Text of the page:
To test and build up your reading comprehension skills, pause every few paragraphs or pages (depending on piece’s length) while you’re reading and briefly recap in your mind what you just read. You should also test yourself by asking yourself questions about the piece. Some questions to ask yourself include:

  • What is the main point of this passage?
  • What evidence does the author use to support his/her viewpoints?
  • Are there any contrasting viewpoints? How do they differ?

The more you do this, the easier it’ll be and the better you’ll become at it, which means you’ll be more confident and prepared for reading comprehension questions on test day.


#3 Take Practice Tests

The third major thing you should be doing to help prepare for reading comprehension questions is to take regular GRE reading comprehension practice tests and quizzes.

Answering high-quality practice questions will help you become more familiar with how questions will be worded on the GRE and the types of things you’ll be asked questions on. You can use this information to tweak your studying and make it more effective. The next section of this guide goes over the best reading comprehension practice resources you should use.




The Best Resources for GRE Reading Comprehension Practice Tests

Below is a list of the eight best resources for GRE reading comprehension practice tests. There aren’t a lot of high-quality resources that include only reading comprehension questions, so most of these resources include practice for other Verbal Reasoning question types and/or practice questions for other sections of the GRE.


PowerPrep II

PowerPrep II is one of the best GRE study materials available, and, as an added bonus, it’s free! Simply download the software, and you’ll have access to two complete practice GREs (which will include reading comprehension questions) as well as overviews of each section of the exam.

The exams are very similar in format to the real GRE which is great for giving you an accurate sense of what expect on exam day. You have the option of either taking the exams timed or not timed, and answer explanations are included.


Practice Test PDFs

Two PDFs of official practice GREs are available.

  • Previous paper-based GRE PDF (2009 to May 2012)
  • Current paper-based GRE PDF (June 2012 to present)

These exams are also a high-quality resource; however, since they are only PDFs, they won’t be as close to the real GRE format as the PowerPrep tests, although they’ll still contain reading comprehension questions for you to use.

As an added note, some of the questions from these practice tests overlap with the questions on the PowerPrep tests. Since the PowerPrep tests are the better resource, complete those first and use these as supplements.


Retired GRE Exams

A third resource for complete, official practice GREs is to use GRE exams from the old (pre-2011) version of the test. They can be found in the old GRE prep book ETS uploaded to their website.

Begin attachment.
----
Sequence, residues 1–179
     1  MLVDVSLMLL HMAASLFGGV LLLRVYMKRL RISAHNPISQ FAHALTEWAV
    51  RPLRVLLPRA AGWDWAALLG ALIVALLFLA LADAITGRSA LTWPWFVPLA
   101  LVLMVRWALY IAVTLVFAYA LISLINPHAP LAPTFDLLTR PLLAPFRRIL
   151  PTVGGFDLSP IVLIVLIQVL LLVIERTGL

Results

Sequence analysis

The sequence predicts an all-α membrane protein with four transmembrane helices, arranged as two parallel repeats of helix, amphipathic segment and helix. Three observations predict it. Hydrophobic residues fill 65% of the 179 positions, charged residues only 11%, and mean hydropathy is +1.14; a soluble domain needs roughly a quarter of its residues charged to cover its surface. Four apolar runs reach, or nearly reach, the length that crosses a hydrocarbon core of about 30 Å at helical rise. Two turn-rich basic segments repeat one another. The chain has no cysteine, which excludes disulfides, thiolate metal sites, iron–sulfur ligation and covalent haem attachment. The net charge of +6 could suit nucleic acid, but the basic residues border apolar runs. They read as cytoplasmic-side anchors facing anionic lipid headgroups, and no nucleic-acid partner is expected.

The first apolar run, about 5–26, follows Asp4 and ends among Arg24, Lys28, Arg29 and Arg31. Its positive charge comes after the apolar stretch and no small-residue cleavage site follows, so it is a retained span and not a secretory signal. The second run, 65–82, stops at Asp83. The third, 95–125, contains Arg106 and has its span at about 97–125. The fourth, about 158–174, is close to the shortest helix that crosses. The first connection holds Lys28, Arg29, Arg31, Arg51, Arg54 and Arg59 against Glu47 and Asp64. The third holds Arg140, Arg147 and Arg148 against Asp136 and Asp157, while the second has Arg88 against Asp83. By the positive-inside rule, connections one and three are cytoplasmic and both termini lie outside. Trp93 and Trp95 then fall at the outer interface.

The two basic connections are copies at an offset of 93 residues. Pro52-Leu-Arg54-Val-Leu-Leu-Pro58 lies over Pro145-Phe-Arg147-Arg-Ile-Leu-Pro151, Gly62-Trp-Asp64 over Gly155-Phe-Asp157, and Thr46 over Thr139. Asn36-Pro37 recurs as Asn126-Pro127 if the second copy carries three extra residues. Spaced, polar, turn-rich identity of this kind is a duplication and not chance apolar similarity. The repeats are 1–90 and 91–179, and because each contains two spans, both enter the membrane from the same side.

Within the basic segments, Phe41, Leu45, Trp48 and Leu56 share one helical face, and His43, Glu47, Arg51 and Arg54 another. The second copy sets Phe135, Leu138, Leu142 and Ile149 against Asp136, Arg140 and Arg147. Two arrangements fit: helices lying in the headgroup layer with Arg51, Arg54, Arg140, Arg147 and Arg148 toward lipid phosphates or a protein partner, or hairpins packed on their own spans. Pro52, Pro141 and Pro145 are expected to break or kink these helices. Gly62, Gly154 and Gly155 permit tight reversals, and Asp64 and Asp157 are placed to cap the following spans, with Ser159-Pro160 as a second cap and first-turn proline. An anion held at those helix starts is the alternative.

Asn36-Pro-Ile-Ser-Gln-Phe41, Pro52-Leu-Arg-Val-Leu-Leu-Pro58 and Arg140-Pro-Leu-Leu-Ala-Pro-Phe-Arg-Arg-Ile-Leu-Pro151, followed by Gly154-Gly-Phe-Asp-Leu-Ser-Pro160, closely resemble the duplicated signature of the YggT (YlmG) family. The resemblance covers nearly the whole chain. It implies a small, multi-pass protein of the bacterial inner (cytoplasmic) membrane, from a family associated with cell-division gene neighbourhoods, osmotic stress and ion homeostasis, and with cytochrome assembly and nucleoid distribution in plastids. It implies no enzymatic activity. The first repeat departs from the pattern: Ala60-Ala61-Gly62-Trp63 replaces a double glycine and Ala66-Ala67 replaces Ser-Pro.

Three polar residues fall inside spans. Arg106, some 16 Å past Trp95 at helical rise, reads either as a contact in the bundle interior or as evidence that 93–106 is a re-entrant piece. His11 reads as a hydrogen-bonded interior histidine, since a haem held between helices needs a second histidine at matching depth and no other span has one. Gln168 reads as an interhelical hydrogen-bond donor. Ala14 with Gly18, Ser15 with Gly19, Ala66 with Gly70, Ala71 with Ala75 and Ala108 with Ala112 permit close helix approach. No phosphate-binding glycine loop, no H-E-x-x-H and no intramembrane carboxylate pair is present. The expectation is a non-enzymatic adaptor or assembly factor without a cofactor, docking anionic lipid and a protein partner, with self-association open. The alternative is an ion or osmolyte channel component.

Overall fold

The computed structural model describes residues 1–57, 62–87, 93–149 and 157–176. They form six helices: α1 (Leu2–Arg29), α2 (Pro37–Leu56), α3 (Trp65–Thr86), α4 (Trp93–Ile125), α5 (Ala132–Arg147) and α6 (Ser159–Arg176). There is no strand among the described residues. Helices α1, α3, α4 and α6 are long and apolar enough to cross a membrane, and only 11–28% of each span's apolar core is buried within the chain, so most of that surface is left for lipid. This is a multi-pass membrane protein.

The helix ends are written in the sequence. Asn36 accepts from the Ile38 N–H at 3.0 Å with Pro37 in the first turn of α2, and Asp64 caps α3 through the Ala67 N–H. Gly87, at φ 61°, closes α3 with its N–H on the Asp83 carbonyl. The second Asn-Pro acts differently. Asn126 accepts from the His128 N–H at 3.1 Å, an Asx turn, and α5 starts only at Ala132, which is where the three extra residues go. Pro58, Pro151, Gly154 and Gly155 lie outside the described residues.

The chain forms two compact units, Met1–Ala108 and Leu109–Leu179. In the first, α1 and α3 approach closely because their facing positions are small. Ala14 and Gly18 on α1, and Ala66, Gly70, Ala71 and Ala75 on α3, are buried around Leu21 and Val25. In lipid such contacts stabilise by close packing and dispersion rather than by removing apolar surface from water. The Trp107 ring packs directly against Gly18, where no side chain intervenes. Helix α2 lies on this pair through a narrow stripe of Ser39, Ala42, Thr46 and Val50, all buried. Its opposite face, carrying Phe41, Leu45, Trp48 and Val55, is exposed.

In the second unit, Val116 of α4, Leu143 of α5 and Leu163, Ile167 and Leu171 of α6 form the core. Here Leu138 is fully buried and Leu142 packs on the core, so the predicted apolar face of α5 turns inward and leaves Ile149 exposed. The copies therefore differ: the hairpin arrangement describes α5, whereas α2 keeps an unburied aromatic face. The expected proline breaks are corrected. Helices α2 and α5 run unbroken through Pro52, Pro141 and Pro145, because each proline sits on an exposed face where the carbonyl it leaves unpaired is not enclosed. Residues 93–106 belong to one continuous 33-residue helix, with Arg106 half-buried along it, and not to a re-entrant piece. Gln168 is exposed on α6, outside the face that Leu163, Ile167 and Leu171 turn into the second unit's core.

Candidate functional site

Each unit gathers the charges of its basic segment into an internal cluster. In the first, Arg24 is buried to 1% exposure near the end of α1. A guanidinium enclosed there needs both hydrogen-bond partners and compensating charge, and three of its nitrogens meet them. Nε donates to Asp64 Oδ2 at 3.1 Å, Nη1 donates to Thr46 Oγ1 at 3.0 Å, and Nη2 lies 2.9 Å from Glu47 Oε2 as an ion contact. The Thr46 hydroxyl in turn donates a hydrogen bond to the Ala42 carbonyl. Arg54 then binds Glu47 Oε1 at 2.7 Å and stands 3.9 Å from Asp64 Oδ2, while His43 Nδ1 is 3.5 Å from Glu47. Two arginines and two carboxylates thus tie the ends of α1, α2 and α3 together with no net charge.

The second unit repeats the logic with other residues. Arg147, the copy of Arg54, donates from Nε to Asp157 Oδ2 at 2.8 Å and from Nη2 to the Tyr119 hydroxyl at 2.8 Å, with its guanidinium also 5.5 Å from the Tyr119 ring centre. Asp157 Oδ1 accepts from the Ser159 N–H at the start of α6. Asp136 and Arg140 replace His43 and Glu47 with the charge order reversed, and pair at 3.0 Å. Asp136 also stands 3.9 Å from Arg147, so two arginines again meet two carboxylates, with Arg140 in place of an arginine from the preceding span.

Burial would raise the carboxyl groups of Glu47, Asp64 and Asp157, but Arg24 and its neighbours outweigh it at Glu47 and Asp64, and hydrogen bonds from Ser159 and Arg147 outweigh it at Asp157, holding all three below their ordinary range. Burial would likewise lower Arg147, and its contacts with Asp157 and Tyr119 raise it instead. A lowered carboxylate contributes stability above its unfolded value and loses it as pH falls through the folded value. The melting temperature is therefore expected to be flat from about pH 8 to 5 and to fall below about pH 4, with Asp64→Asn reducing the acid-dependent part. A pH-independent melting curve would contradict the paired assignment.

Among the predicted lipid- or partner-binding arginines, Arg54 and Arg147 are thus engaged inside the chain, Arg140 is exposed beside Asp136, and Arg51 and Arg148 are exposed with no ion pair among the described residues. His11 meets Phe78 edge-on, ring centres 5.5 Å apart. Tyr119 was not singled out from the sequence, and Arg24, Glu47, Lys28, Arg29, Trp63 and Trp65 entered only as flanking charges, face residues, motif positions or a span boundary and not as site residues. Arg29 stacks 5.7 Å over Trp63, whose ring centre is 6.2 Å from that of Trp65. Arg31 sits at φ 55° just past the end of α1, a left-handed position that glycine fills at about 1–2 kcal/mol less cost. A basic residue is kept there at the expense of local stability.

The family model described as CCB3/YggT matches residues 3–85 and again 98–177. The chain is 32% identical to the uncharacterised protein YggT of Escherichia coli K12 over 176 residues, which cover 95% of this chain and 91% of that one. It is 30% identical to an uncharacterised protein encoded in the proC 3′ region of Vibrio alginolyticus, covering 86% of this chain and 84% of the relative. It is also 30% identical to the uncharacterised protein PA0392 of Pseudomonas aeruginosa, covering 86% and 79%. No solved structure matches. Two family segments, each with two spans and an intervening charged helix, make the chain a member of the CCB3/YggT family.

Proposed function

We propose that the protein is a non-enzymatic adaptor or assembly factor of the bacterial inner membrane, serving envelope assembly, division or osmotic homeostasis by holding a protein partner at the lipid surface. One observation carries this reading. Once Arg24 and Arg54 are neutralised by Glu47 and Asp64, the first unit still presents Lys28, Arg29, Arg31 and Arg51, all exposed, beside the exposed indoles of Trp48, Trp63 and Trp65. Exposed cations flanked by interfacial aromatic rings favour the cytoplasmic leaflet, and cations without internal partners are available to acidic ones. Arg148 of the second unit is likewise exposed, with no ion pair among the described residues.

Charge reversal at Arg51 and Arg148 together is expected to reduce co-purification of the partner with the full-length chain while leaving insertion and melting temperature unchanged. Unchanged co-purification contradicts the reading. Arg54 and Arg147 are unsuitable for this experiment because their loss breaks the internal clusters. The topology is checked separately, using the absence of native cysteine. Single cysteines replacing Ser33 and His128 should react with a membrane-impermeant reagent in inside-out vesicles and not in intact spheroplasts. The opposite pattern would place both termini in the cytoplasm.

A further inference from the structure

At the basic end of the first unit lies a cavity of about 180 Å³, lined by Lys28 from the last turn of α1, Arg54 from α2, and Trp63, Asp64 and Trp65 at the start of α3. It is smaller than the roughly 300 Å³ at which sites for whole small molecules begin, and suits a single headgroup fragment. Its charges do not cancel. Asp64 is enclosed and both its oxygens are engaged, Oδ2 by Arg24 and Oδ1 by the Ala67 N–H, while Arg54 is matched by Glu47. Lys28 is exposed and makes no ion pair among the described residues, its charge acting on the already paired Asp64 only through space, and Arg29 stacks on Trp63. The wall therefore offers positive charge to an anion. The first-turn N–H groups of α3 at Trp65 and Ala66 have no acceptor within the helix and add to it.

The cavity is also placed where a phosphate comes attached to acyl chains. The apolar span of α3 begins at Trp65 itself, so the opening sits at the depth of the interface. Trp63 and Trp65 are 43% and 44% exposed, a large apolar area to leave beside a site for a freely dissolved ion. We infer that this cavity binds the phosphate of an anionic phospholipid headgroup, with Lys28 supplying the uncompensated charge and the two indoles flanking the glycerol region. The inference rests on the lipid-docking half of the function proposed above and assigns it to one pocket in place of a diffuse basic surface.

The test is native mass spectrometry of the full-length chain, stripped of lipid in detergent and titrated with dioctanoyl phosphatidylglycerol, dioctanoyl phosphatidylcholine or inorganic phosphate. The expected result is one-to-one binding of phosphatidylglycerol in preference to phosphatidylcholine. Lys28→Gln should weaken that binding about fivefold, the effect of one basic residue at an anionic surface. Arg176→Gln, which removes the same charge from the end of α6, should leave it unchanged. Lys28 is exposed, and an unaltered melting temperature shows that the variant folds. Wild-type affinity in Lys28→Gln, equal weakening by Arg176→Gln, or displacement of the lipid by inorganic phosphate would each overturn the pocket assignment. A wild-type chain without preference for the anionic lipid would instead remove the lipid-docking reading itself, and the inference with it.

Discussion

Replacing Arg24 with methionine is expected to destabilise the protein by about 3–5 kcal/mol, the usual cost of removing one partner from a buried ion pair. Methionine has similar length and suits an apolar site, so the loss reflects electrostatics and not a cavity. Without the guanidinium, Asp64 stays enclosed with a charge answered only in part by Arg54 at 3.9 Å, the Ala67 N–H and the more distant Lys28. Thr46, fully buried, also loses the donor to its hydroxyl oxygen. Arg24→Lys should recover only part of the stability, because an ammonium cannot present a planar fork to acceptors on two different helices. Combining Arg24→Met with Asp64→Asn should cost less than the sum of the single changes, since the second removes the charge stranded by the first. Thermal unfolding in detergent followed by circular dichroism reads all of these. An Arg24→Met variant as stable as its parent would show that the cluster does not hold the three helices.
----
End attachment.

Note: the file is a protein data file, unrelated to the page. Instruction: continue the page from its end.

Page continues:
The GRE has undergone some significant changes since then, so not every part of the old exams will be relevant. For Verbal Reasoning (where the reading comprehension questions will be) you should only use the following sections for your studying:

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  • Section 2: 4-6, 17-27
  • Section 4: 2, 5, 17-27




McGraw-Hill Practice Tests

This is an unofficial practice resource, but it’s still high-quality. There are several practice tests for both Verbal Reasoning and Quantitative Reasoning. The Verbal Reasoning ones will have the reading comprehension practice questions.


Kaplan Free Practice Test

Kaplan has another high-quality unofficial practice test. To access this test, you’ll need to set up an account with Kaplan and add the item to your cart and checkout, but don’t worry, you won’t need to pay or enter any payment information. After you do that, you’ll have several weeks to access your free test from your Kaplan account homepage.

It’s a complete practice GRE, so there will be many questions besides reading comprehension, but a nice feature of this test is that, after you finish it, you’ll get an in-depth analysis of how well you did in different areas and question types, so you can focus specifically on your reading comprehension results.


Princeton Review: Cracking the GRE

This prep book is one of the best out there for Verbal Reasoning practice, including reading comprehension questions. It breaks down the different types of questions you’ll see, explains how you should look at passages, and includes lots of practice problems.

This makes it a great resource for people who are just beginning their studying and/or don’t know how to approach reading comprehension questions since it explains how to approach them before going into practice problems. It also goes over the other sections of the GRE and includes two complete practice tests if you’re looking for more thorough prep.



If you’re looking for a resource that lets you do some quick GRE reading comprehension practice on your phone, Ready4GRE is a great app to use.

This free app is available for both iPhone and Android. There are two structures you can follow. The first, called Smart Guide, has a step-by-step structure where you practice one lesson then, once you’ve passed it, move onto the next lesson in the program. The other structure, Browse Topics, let’s you move from lesson to lesson at any time and in any order. The Browse Topics structure lets you jump straight into practicing for reading comprehension.

Additionally, this app gives you your estimated Verbal and Quant scores, has over 600 vocabulary flashcards, and measures your strengths and weaknesses in each section.